Russia's Rostov 4 enters pilot operation

20 February 2018

Russian regulator Rostechnadzor has issued a licence for the final stage of the start-up procedure - pilot operation - at unit 4 of the Rostov nuclear power plant, which is near the city of Volgodonsk.

Rostov 4 - 460 (Rosatom)
Rostov 4, near the city of Volgodonsk (Image: Rosatom)

Announcing the final regulatory approval today, state nuclear corporation Rosatom said the unit will contribute RUB 1 billion ($18 million) a year to the federal budget, and in its first year of commercial operation about RUB 1.7 billion in property tax.

Russian President Vladimir Putin participated in the grid connection of the country's latest reactor on 1 February. The same day, the unit was brought to 300 MWe, or 40%, of its capacity for four hours before being stopped for equipment tests and to confirm the design characteristics of safe operation.

Svyatoslav Chukavin, deputy chief engineer for the unit's pilot operation, said in today's Rosatom statement that power capacity would now gradually be increased to 100%, with further tests conducted at each stage.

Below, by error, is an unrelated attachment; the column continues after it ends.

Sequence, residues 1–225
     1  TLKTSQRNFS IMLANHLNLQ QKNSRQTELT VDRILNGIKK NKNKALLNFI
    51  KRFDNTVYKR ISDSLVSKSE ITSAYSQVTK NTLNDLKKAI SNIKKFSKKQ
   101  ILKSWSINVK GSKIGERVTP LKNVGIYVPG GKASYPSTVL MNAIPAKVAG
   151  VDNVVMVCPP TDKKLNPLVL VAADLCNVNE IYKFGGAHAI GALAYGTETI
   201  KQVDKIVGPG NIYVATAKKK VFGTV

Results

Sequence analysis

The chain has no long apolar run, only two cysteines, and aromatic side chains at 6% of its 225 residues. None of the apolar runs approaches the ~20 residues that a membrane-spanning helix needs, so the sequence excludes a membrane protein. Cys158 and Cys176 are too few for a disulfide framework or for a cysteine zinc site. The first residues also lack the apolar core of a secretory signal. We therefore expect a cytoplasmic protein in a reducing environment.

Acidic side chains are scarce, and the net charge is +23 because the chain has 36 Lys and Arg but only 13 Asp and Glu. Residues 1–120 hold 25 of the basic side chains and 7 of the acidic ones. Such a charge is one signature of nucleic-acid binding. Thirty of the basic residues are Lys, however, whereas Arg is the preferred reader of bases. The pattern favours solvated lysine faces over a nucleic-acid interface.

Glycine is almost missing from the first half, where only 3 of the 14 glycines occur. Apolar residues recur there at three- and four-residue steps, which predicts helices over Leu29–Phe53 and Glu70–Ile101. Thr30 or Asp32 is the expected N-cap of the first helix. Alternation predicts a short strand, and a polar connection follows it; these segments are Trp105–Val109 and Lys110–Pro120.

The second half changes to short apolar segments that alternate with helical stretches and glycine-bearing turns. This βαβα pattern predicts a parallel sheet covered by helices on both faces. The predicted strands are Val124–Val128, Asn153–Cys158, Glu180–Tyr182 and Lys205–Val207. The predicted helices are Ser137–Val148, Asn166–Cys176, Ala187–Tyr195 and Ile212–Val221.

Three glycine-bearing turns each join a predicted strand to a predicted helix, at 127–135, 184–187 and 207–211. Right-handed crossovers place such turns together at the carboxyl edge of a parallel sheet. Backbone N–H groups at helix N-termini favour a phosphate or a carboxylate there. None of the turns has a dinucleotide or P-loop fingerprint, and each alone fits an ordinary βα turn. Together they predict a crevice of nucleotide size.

Preparations for the physical start-up of unit 4 began on 6 December, with the loading of nuclear fuel into the reactor. Within five days, all 163 fuel assemblies were installed and on 29 December the unit was put at the minimum controlled power level. Rosatom announced on 23 January that Rostechnadzor had issued a permit required for start-up operations at the unit.

Four 1000 MWe VVER pressurised water reactors have been planned at the Rostov site since the early 1980s. Construction of units 1 and 2 began promptly, but progress faltered. Units 1 and 2 eventually entered commercial operation in 2001 and 2010, respectively. Unit 3 was connected to the grid in 2015.

Rosatom has not given a date for the start of commercial operation at Rostov 4, but it is expected before that of unit 1 of the Leningrad II nuclear power plant, which is in Sosnovy Bor. The corporation said last week that Leningrad II-1, which is a VVER-1200 unit, had successfully completed tests required at the minimum controlled power level in preparation for start-up this spring.

Researched and written
by World Nuclear News